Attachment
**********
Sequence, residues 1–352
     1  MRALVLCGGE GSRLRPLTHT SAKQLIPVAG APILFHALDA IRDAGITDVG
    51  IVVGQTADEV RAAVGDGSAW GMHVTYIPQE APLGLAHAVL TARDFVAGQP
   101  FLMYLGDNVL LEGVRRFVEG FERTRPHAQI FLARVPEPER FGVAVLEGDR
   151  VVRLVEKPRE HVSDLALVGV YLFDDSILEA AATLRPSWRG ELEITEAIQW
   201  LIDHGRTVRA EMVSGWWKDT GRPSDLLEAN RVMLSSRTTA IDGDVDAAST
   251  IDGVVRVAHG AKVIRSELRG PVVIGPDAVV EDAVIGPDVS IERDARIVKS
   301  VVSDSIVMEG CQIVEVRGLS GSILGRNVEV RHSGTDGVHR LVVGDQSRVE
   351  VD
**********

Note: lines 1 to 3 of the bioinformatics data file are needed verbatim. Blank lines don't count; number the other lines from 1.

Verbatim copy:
Sequence, residues 1–352
     1  MRALVLCGGE GSRLRPLTHT SAKQLIPVAG APILFHALDA IRDAGITDVG
    51  IVVGQTADEV RAAVGDGSAW GMHVTYIPQE APLGLAHAVL TARDFVAGQP